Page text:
"The boy's sandwich"
We may never know.
Ways of forming the possessive in Norwegian:
"guttens smørbrød" (genitive -s added as a suffix; neutral, suitable for all occasions.)
"smørbrødet til gutten" (prepositional structure akin to "the sandwich of the boy" in English; less used than the above, but mostly on account of being more verbose. The extent of the usage is somewhat dialect dependent.)
"gutten sitt smørbrød" (possessive pronoun; this structure is called "garpegenitiv", and is not suitable for formal writing. Sees more frequent use in connection with proper names than with regular nouns.)
I’m wondering how you would demonstrate possession (both how to pronounce and write it) with a name that ends with “s;” for example, “Hans” or “Thomas.” I’m guessing you wouldn’t say "Hanses" or write “Hanss", right?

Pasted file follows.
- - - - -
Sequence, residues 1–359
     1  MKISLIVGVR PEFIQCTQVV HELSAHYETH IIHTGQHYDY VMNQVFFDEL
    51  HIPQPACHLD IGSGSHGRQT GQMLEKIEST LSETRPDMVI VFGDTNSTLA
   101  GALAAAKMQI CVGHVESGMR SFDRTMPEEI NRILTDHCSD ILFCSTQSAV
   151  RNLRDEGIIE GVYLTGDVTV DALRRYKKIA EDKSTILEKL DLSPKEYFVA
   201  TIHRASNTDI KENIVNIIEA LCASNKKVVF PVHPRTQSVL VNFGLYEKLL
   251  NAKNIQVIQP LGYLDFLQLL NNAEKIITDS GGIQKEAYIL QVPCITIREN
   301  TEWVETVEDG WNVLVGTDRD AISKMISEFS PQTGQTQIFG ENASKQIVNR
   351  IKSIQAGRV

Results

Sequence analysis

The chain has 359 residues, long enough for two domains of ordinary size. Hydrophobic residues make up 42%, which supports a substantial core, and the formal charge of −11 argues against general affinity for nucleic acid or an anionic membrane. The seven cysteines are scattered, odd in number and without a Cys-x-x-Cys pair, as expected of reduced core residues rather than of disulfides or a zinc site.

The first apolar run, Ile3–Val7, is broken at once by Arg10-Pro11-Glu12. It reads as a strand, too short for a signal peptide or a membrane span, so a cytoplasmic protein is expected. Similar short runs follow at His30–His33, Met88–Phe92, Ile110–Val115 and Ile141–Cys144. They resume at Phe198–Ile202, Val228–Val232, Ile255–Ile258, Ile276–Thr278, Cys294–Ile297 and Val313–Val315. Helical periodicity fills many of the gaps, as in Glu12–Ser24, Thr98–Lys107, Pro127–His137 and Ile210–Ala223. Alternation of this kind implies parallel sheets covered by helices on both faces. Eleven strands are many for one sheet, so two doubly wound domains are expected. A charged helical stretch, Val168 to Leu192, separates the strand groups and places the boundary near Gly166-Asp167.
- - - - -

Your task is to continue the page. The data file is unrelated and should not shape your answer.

Does 'Gutten sin smørbrød' not work? It corrected me with 'Gutten sin skive', but it put 'Guttens smørbrød' as another correct answer.
"Gutten sitt smørbrød" smørbrød" works, but it does have to be "sitt" to match the neuter noun.
Mark that this is considered a less elegant way of forming the possessive, so it's best to stick with the genitive -s - at least in more formal writing.
"Guttens smørbrød" is shown as the correct answer while available is ONLY word "Smørbrødet". No chance to win
"Guttenes" is the plural possesive, while this sentence calls for the singular possessive: "guttens".